Brexit costs Wimbledon's millionaire winners $100,000
Posted 5:53 a.m. Friday
Updated 12:09 p.m. Friday
Wimbledon prize money will be worth much less to American players this year because of Brexit.
Venus Williams will play in the women's final on Saturday. If she wins, she'll take home $2.8 million when she converts her prize money back into U.S. dollars.
Back in 2015, the last tournament before the Brexit vote, champions Serena Williams and Novak Djokovic won the equivalent of $2.9 million.
Wimbledon isn't trying to save money. The All England Club, which runs the tournament, has actually upped the top prize to a new record high: -2.2 million compared to -2 million last year, and -1.88 million in 2015.
It's the exchange rate that's biting. The pound is worth much less than it was, having fallen from $1.55 in 2015 to $1.29. That's a 17% slump since the 2015 grand slam.
The pound plunged after Britain voted in June 2016 to leave the European Union. Investors are worried about what Brexit will mean for the U.K. economy, and the currency has borne the brunt of their fears.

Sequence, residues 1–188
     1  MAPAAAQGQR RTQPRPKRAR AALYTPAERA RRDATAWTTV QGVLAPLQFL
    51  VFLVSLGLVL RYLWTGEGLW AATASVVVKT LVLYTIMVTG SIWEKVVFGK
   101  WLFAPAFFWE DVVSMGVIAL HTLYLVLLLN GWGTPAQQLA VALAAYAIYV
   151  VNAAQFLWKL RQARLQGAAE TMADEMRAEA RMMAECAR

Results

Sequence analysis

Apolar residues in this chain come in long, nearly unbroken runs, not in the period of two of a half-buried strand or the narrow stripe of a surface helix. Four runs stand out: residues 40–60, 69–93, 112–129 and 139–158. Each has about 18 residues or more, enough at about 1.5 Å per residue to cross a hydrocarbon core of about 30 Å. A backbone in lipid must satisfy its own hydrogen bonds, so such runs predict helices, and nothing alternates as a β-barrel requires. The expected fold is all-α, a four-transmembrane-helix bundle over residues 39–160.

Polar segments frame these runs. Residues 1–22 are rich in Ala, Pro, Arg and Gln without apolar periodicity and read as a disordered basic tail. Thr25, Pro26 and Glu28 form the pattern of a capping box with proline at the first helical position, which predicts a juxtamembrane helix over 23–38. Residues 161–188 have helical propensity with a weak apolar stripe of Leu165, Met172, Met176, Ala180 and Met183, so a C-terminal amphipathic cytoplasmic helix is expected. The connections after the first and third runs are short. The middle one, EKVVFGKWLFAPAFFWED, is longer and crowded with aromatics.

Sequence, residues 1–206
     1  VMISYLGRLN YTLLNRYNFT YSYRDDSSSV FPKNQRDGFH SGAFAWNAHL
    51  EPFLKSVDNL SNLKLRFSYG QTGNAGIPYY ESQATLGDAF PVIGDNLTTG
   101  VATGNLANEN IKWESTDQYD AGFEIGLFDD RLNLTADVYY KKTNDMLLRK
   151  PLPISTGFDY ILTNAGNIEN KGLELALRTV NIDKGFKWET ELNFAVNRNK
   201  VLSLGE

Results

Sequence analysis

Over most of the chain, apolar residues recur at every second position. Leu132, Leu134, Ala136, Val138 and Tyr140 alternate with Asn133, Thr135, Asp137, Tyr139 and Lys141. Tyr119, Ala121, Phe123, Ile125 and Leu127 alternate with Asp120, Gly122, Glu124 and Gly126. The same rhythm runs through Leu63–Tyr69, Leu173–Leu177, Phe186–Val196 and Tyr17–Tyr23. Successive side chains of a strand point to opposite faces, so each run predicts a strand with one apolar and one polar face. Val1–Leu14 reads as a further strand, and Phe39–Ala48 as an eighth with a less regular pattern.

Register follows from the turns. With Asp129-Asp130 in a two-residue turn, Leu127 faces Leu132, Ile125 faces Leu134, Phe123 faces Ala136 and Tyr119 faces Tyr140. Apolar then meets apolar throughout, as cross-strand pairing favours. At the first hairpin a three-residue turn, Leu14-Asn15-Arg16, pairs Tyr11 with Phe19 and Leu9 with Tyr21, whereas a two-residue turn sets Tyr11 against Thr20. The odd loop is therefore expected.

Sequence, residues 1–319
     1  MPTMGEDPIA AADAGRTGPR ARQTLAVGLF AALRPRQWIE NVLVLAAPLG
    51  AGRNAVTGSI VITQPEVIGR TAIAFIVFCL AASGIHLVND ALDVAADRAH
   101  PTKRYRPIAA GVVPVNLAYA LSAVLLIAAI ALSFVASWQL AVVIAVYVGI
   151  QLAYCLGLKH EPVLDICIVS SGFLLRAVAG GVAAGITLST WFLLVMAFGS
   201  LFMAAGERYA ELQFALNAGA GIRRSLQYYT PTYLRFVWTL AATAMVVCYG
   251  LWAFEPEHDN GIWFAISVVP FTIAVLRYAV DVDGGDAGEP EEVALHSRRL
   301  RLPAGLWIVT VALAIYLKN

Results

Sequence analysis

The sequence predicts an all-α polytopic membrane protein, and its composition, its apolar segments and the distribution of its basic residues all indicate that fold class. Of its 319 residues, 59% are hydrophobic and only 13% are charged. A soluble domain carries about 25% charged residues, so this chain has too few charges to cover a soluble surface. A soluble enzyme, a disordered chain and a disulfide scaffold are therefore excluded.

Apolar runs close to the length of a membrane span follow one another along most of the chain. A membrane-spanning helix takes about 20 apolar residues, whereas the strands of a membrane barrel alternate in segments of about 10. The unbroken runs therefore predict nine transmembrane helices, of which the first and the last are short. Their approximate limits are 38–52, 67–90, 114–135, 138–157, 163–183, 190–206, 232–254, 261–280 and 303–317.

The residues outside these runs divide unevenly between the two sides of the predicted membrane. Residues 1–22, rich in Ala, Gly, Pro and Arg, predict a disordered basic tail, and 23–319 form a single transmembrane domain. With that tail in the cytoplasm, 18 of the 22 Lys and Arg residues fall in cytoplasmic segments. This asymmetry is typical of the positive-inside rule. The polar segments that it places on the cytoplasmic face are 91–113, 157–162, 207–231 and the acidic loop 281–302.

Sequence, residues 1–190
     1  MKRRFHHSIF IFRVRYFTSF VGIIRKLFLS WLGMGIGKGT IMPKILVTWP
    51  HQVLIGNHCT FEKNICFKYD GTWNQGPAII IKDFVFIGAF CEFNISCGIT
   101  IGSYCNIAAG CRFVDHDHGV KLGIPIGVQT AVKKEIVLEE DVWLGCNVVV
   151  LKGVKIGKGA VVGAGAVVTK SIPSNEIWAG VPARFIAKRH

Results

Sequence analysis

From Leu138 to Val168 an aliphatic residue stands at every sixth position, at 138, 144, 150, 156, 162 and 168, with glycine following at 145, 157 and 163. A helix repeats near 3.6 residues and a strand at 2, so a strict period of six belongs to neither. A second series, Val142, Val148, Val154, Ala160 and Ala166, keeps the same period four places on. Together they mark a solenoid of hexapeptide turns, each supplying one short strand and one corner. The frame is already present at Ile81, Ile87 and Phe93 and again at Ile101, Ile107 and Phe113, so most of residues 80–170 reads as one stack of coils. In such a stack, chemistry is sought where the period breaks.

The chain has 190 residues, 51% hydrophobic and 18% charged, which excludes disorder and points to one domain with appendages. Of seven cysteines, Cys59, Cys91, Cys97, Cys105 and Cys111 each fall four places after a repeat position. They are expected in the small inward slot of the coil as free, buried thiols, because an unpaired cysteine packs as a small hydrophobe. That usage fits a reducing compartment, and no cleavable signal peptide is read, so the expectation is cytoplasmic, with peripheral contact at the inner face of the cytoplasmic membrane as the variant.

The All England Club said it takes into account "business and economic context of tennis worldwide, including any currency fluctuations" when determining the prizes.
In pound terms, the prize money for singles' winners has grown for each of the past six years. But this year's increase of 10% is bigger than the increase in previous years.
Singles winners have seen their prize money double in pound terms between 2011 and 2017.
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The prize money offered at Wimbledon is similar to that of other grand slams. Australian Open winners Roger Federer and Serena Williams won 3.7 million Australian dollars ($2.8 million) each at the tournament in January.
The French Open awarded the singles winners -2.1 million ($2.3 million).
U.S. Open champions got $3.5 million each in 2016.